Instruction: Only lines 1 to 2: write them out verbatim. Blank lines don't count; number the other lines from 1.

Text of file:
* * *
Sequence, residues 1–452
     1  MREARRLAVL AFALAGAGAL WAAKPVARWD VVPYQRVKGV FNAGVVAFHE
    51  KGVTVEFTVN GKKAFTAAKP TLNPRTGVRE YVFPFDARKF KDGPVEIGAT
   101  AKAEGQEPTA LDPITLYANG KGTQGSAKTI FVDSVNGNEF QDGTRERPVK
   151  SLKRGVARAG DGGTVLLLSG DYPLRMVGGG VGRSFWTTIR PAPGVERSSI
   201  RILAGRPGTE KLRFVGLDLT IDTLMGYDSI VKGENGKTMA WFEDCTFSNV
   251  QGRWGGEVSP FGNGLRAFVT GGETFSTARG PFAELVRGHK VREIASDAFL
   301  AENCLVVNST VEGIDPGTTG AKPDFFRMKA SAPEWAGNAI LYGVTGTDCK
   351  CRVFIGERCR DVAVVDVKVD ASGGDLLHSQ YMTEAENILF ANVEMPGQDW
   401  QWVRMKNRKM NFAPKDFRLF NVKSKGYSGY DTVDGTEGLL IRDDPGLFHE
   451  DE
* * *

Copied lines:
Sequence, residues 1–452
     1  MREARRLAVL AFALAGAGAL WAAKPVARWD VVPYQRVKGV FNAGVVAFHE